brue farm highbridge

Plans for 171 new homes and a new primary school in Highbridge were given the go-ahead by Sedgemoor District Councillors on Tuesday (August 20th) despite safety concerns raised by parish and town councillors.

The major proposals from Barratt Homes for dozens of new homes at Brue Farm in Highbridge were given approval by district councillors at a meeting in Bridgwater on Tuesday.

A spokesperson for Somerset County Council told “The intention is for a new Highbridge primary school to be built, providing a minimum of 200 spaces, meeting the demand created by the proposed Brue Farm development.”

It is the first phase of a huge development of over 400 new homes that are earmarked for the site.

The plans also include play areas and public open space, as well as a new roundabout to serve the wider Brue Farm development area, which has been allocated for new housing in the Council’s local plan.

The land for the new school will be ‘gifted’ by Barratt Homes to Somerset County Council, which will oversee the new school.

While there were no objections from the technical consultees, both Burnham and Highbridge Town Council and West Huntspill Parish Council had raised safety concerns but it was not felt by Sedgemoor that these should stop the planning application getting approval.

A Barratt Homes spokesperson told “We’re really pleased to have reached this point, having worked hard over the last year to develop these proposals.”

brue farm highbridge housing map

“We are grateful for the feedback from local residents and community stakeholders, as well as technical consultees and officers, which has all helped us to refine our plans.”

“We are excited to present our proposals, which deliver a number of significant benefits to the local area including the provision of much needed new homes, highways improvements along Huntspill Road, and land for a new primary school.”

“We look forward to continuing to work closely with the local community and Sedgemoor District Council to realise these benefits in coming months.”

West Huntspill Parish Council had objected on the grounds of traffic generation and road safety. A spokesperson said: “The A38 is a very busy main A road and is particular issue at peak traffic times, such as Friday evenings from 4.30pm onwards. This worsens when there are issues on the M5 which is almost constant. As traffic bypasses the M5 onto the A38. The traffic bottlenecks at Church Street, Highbridge when inconsiderate and poor parking happens.”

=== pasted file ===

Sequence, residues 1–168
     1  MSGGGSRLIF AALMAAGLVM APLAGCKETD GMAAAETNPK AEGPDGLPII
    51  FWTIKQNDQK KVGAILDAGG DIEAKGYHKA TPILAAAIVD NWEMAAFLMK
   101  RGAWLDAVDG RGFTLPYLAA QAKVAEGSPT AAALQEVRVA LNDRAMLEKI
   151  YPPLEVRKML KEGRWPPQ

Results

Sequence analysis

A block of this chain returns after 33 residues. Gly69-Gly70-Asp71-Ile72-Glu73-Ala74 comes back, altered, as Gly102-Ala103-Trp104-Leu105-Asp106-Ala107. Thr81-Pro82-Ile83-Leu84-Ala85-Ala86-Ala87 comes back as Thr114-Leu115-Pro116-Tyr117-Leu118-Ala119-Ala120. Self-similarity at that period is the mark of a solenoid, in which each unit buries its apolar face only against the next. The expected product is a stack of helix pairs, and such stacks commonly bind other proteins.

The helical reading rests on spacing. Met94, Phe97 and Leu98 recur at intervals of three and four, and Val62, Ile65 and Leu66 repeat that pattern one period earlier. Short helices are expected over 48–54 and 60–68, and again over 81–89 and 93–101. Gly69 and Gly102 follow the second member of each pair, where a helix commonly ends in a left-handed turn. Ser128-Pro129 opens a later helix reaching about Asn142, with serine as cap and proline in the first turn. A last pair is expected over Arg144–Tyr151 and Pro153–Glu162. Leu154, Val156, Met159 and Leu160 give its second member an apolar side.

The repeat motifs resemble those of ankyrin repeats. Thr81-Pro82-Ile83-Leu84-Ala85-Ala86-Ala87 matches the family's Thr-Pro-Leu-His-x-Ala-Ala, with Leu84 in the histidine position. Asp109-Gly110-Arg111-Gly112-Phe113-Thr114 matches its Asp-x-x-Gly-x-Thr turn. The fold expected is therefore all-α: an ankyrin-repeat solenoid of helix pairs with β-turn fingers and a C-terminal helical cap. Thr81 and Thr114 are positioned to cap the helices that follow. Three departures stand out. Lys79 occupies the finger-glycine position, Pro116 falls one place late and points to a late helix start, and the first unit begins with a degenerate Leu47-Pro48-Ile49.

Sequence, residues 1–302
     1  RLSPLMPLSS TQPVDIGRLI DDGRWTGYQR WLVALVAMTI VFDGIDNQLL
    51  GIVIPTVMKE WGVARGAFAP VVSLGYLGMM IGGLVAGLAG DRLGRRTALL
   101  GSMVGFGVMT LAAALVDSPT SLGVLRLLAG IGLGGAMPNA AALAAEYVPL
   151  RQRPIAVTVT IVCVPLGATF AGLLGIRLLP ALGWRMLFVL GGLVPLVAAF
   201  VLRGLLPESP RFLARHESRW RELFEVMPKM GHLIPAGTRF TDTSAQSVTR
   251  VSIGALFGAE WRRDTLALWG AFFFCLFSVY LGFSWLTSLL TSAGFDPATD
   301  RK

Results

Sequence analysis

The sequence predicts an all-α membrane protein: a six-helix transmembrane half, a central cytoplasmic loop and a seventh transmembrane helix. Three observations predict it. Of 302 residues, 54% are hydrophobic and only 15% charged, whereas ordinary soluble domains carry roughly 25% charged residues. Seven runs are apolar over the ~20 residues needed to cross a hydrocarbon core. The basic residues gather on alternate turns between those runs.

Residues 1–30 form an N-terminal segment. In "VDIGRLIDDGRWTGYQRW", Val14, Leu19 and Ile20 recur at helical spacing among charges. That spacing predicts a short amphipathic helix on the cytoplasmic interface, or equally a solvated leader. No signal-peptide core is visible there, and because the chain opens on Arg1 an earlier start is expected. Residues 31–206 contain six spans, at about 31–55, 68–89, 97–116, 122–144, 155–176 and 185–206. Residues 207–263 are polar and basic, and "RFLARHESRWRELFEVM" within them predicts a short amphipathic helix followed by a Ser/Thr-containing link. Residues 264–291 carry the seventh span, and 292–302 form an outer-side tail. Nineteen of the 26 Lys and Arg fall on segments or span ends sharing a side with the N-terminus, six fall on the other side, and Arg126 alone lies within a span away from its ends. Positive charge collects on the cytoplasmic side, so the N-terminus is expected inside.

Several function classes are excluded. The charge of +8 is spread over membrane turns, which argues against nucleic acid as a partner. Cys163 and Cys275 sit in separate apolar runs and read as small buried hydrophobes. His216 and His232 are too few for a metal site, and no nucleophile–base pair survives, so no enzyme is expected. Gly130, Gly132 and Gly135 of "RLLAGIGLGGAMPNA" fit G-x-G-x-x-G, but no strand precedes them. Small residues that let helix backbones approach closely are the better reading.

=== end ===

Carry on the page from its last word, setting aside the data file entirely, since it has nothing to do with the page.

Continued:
“This causes traffic to back up into West Huntspill. Building an additional 171 homes in the area would increase the traffic on this main route causing congestion and road safety issues. This also raises concerns over emergency vehicles gaining access to areas when there traffic is at standstill and bottle necked. We request extensive traffic studies be completed before this application is discussed.’

Highbridge and Burnham Town Council also objected, with a spokesperson explaining: “Members objected to the outline application for the school on the grounds of road safety. The proposed access directly to / from the A38 Main Road, which is a major arterial road, is likely to lead to traffic congestion around school start and finish times, thus presenting a significant road safety issue caused by cars stopped or parked on both sides of the road when parents are dropping off / picking up children.”

“We also object on health and wellbeing grounds. The proposed location of the school is likely to suffer from reduced air quality due to its close proximity to the A38 Main Road, particularly when the A38 is very congested. This will have an adverse effect on children’s health causing asthma etc. Access via sustainable transport – considering that the catchment area for the new school is likely to include Highbridge the original proposed location on the East side of the development would be more appropriate for pedestrian and cycle access.”

“We agree with the comments of the Parks and Open Spaces Officer that development does not appear to comply with the requirements for Local Areas for Play and Local Equipped Areas for Play. However, members accepted the main application in principle as the layout and density is consistent with previously consented phases. The development appears to be complying with the parking standards but members would like to see additional provision for visitor parking.”

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